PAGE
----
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When leprosy is considered in the differential diagnosis of cutaneous disease, it is all too frequently excluded on the basis of such statements as "examination of the nasal discharges failed to show lepra bacilli" or "the lesions were not anesthetic to light touch" or, worse still, "to pinprick."
It should be more widely realized that such observations as these do not exclude leprosy at all; indeed, they do not cast the slightest shadow of improbability on that diagnosis.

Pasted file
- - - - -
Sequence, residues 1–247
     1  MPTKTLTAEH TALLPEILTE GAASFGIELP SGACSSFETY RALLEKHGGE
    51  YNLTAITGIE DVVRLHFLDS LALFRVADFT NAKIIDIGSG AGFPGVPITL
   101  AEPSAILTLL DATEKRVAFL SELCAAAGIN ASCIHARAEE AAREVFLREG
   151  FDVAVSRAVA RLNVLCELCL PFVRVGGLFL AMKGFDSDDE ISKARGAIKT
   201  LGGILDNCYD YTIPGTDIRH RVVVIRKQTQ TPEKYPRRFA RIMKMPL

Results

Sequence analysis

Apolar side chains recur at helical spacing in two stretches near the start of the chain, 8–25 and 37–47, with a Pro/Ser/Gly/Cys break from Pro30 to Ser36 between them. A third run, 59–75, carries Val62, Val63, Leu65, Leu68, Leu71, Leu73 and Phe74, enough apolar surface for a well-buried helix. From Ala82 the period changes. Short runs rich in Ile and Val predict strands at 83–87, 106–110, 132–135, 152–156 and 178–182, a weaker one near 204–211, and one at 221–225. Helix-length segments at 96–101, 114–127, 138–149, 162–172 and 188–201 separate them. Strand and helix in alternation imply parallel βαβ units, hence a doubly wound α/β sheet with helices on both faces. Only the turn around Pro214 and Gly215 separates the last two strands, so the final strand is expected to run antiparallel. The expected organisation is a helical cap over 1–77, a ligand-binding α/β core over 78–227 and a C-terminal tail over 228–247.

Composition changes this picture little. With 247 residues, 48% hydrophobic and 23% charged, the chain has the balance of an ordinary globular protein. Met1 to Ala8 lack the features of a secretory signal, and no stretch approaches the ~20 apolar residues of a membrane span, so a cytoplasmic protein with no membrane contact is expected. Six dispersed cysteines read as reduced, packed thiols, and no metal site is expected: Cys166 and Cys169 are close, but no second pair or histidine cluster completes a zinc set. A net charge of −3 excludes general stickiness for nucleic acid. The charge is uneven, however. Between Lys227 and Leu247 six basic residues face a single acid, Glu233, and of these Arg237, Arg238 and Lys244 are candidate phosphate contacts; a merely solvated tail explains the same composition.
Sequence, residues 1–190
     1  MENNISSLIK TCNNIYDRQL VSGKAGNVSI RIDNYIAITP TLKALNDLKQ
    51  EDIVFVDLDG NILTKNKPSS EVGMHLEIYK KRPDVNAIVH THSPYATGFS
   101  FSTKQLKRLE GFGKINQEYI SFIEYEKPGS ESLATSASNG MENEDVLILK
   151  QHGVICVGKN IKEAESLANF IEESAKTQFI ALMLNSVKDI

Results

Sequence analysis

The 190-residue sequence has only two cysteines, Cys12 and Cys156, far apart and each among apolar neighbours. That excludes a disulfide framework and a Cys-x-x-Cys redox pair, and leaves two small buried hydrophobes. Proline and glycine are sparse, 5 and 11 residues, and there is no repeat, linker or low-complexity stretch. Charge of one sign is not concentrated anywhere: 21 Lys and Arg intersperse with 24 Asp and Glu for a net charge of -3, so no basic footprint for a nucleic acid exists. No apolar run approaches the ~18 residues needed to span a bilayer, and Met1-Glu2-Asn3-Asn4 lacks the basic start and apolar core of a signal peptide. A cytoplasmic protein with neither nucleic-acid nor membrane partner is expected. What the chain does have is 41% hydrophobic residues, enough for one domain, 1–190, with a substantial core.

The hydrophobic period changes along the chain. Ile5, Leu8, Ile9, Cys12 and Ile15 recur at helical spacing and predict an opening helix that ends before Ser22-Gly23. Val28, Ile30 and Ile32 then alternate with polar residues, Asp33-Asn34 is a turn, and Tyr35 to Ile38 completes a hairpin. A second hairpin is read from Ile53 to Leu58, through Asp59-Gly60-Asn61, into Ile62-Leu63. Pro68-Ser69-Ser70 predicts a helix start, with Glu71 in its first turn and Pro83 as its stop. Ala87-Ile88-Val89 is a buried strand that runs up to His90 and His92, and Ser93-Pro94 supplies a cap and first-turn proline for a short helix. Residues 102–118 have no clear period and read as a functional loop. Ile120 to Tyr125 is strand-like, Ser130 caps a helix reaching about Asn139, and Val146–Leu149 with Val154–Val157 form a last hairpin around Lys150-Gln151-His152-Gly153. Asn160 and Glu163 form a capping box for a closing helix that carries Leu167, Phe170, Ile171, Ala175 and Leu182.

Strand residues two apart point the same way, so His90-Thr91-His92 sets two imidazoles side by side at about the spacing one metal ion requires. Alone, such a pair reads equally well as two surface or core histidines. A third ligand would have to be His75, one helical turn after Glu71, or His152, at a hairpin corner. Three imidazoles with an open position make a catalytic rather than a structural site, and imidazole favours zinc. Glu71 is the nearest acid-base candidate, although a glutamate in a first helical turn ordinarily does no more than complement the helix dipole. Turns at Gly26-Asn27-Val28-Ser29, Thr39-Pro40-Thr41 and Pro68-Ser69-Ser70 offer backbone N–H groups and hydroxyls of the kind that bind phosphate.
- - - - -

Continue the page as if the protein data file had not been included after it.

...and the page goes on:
The principal diagnostic criteria for early leprosy are as follows: (1) almost any sort of cutaneous lesion—or, not infrequently, no lesion of the skin at all; (2) thermal anesthesia, frequently found in a cutaneous lesion but perhaps of even more significance when found in normal-looking skin (it is only occasionally associated with anesthesia to light touch and then usually in a small area roughly concentric with the thermally anesthetic zone); (3) muscular